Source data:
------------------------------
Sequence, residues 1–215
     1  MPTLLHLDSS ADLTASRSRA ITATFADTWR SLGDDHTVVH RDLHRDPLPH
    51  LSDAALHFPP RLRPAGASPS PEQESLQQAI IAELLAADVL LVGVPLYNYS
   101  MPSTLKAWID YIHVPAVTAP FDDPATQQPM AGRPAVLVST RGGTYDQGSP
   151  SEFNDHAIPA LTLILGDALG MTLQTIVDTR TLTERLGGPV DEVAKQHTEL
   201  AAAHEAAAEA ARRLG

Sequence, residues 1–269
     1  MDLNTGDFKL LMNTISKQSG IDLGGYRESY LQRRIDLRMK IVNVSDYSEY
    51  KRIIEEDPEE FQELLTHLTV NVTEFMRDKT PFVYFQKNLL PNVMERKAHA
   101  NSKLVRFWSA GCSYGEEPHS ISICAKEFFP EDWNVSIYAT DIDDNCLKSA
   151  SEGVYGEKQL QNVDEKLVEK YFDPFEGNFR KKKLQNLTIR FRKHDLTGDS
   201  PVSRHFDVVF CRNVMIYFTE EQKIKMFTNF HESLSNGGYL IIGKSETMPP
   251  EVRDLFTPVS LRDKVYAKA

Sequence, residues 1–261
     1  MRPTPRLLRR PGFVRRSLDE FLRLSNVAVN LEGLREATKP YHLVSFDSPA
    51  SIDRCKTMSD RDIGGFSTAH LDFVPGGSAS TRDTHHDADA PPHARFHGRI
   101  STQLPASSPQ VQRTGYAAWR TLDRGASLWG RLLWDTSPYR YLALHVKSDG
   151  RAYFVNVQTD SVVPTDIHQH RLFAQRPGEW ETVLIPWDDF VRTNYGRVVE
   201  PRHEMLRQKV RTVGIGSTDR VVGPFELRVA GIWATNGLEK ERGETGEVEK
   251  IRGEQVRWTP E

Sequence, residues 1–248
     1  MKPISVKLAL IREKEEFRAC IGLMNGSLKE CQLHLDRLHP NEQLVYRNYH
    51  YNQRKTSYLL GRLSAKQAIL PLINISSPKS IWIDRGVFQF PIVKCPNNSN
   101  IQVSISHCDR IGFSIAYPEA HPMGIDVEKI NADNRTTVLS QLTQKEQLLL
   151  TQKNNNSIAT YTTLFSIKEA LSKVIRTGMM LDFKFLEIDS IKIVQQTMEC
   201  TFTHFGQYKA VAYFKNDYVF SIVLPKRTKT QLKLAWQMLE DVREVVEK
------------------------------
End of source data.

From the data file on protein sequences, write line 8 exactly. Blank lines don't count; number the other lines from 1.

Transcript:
     1  MDLNTGDFKL LMNTISKQSG IDLGGYRESY LQRRIDLRMK IVNVSDYSEY